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Claudia Bonarelli - Everything Happens Only a Certain Number of Times

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Artist: Claudia Bonarelli

Album: Everything Happens Only a Certain Number of Times

Label: Mitek

Review date: Oct. 14, 2002

Identity isis?

On first listen, it seems that everything happens too many times on Claudia Bonarelli's new minimal techno album, with noise motifs sticking like friezes in hollow dub funnels of reverb. Repeated listenings, however, reveal the way her compositions work, as events swirl in eddies around locked grooves that make up the center of these tracks.

Here, changes are so small that the songs flow by as background clatter, while their structures teeter from side to side in the shackles of Lee Perry-esque production. Bonarelli has much in common with dub producers like King Tubby: sub-harmonics rule the day on this album. She usually doesn't write compelling songs; rather, the pieces on this album act as sonic playgrounds where the klang of mischievous swing sets randomly rattle in the wind.

"Gender" is a great example of Bonrelli's work - a repetitive, sparse groove dominates the first four minutes, so swamped in the surrounding earth you hardly notice the moving changes in tempo and pitch. "Channels" throws in more subtle ambient noises, a la Motion or Kit Clayton, with a poppy, more optimistic feel, until a war drum begins to beat and the happier slips of ambient bliss become the whines of an electronic battlefield. The piece then drops off into a minute's meditation before returning to its original ambient theme, only this time less whole and more affected.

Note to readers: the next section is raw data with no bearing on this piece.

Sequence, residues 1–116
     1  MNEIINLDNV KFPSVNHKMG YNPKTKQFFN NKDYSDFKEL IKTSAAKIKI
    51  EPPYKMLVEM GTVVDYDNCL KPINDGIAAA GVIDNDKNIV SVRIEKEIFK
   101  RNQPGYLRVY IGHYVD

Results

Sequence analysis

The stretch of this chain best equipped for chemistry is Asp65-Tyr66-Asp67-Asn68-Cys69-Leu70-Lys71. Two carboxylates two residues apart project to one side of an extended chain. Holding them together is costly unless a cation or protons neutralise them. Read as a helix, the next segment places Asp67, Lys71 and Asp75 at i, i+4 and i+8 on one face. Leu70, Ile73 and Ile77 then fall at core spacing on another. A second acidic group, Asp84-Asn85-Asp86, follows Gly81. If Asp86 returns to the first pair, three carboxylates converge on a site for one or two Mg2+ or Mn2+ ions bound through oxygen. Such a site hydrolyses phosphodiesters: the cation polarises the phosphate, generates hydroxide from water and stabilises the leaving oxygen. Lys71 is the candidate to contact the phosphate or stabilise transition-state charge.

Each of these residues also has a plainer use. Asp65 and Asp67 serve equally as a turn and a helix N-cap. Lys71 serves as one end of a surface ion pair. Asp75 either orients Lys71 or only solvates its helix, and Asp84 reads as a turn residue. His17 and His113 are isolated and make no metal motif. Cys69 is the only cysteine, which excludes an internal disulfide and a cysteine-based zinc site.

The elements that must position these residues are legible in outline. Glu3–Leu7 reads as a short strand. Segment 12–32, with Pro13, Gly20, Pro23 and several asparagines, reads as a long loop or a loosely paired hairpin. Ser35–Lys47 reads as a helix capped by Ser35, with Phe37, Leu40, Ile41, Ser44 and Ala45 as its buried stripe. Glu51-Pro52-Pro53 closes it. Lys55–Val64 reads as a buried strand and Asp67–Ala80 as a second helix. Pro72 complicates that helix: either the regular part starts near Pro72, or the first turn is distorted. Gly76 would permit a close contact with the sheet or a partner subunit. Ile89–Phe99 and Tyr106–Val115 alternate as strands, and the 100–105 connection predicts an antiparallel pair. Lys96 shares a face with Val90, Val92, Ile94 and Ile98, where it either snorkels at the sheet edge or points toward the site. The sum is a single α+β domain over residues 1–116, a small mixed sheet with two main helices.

The mystery behind the Claudia Bonarelli name makes the songs seem somehow political. It may be a pen name, or it could refer to a collective. As Thomas Pynchon writes it in Mason and Dixon, "to understand that my name had never been my own,- rather belonging, all this time, to the Authorities, who forbade me to change it, or withhold it, as ‘twere a Ring upon the Collar of a Beast...”

Everything..., then, becomes a statement of identity, combining the political and the personal. Track names like "commune", "feminist", "[Raoul] Vaneigem", "Gender", and "Manifesto" reinforce the sense that this album is a sonic essay on identity politics and repression. The ties with dub also seem to support this theory, as dub and reggae have long been used as platforms of political protest.

Perhaps, then, dub is simply Bonarelli’s format to voice political rhetoric. Her work is a repetition of material already recorded, but now reworked to greater effect. But what do the liminal changes in her compositions represent? And how does this album connect with the situationist thought of Raoul Vaneigem?

By Andrew Jones

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